Tag: The State

In Defense of Edward Snowden Against John Kerry’s Slanderous Attacks »

“The notion that a radical is one who hates his country is naïve and usually idiotic. He is, more likely, one who likes his country more than the rest of us, and is thus more disturbed than the rest of us when he sees it debauched. He is not a bad citizen turning to...
Read More »

For John Kerry, Where He Stands Depends on Where He Sits »

Obama administration Secretary of State John Kerry told Chuck Todd today on MSNBC: “Edward Snowden is a coward. He is a traitor. And he has betrayed his country.” Snowden gave documents to journalists that revealed the scope and reach of unconstitutional spying by the federal government on American citizens. Today Kerry also told CBS...
Read More »

How Valuable Is a Federal Grant? »

Sometimes, a federal grant is worthless. The federal government has the ability to attach enough costly provisions to its grants that the net value is less than zero. A recent case in my home town of Tallahassee illustrates this. The Tallahassee Democrat, May 21, page A1 (sorry, no link because a subscription is required)...
Read More »

Common Core: Raising the Bar-barians »

“Barbarians at the gate.” That’s what Arizona Superintendent of Public Instruction John Huppenthal called opponents of Common Core national standards earlier this month. His remarks are symptomatic of just how far elected officials within and outside Arizona have strayed from our Constitution, which doesn’t even contain the word “education.” Supporters claim Common Core will...
Read More »

Dining with Stalin »

“In the socialist commonwealth every economic change becomes an undertaking whose success can be neither appraised in advance nor later retrospectively determined. There is only groping in the dark. Socialism is the abolition of rational economy.” —Ludwig von Mises When I was driving to work earlier this week, I heard a fascinating story on...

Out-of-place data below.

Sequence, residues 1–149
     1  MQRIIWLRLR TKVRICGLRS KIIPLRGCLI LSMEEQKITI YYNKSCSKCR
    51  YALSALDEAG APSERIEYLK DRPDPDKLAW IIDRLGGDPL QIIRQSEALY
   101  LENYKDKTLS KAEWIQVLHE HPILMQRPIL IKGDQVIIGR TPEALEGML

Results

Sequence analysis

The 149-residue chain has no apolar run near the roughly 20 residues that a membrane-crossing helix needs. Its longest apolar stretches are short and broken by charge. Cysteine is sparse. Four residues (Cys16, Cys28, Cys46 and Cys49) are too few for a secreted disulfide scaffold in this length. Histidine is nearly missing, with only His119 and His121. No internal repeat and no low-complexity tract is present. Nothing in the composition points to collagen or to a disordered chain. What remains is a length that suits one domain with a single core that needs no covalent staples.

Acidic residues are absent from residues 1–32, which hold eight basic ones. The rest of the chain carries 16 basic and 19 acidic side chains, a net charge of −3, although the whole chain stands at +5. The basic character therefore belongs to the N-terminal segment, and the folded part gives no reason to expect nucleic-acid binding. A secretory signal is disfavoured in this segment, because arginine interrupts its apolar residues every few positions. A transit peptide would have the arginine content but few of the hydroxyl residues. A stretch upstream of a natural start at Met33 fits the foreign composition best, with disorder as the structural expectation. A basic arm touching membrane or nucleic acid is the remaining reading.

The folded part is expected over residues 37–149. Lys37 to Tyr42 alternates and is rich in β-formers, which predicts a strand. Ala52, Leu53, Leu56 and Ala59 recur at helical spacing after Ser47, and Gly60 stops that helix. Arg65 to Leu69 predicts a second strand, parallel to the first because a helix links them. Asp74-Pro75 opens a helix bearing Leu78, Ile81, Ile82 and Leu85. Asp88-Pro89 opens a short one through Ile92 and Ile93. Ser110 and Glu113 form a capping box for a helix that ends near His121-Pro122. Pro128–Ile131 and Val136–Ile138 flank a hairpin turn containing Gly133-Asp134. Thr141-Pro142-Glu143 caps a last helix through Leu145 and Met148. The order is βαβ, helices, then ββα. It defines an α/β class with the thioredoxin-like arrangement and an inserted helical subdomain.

Read More »

Piketty’s Capital: IV »

I’ve made some observations about Thomas Piketty’s Capital in the Twenty-First Century already, here, here, and here, and in this post want to note the way that the twentieth-century welfare state has contributed to the inequality that Piketty has observed. Piketty observes that growing inequality is the result of the return on capital being...
Read More »

Gary S. Becker, R.I.P. »

I first met Professor Gary Becker (1930-2014) about 15 years ago, when he came to Oxford, Miss., to present a public lecture at the University of Mississippi sponsored by the Robert M. Hearin Foundation. My coauthor and then-colleague Bob Tollison and I breakfasted with him early on the morning of Dr. Becker’s visit, after...
Read More »

Do You Remember the Sixties? »

Do you remember the Sixties? I do, vividly. The latter half of that decade was the worst time of my life so far as the enveloping social and political conditions were concerned: endless, horrifying war; unraveling civil rights movement; urban riots and violence; political assassinations and mass protests; university upheavals and bombings; police brutality...
Read More »

New Video with Ron Paul: “Defining Liberty: The Future of Freedom” »

How can Americans overcome record government spending and debt, escalating healthcare costs, intrusive federal surveillance, endless wars, ongoing economic malaise, high unemployment, failing schools, and increasing abuses of civil and economic liberties? In this superb, new video from the recent, sold-out event sponsored by The Independent Institute and The Smith Center for Private Enterprise...
Read More »

Some Basics of State Domination and Public Submission »

Familiarity may indeed, as the saying goes, breed contempt, but it also breeds a sort of somnolence. People who have never known anything other than a certain state of affairs—even an extraordinarily problematic state of affairs—have a tendency not to notice it at all, to relate it, so to speak, as if they were...
Read More »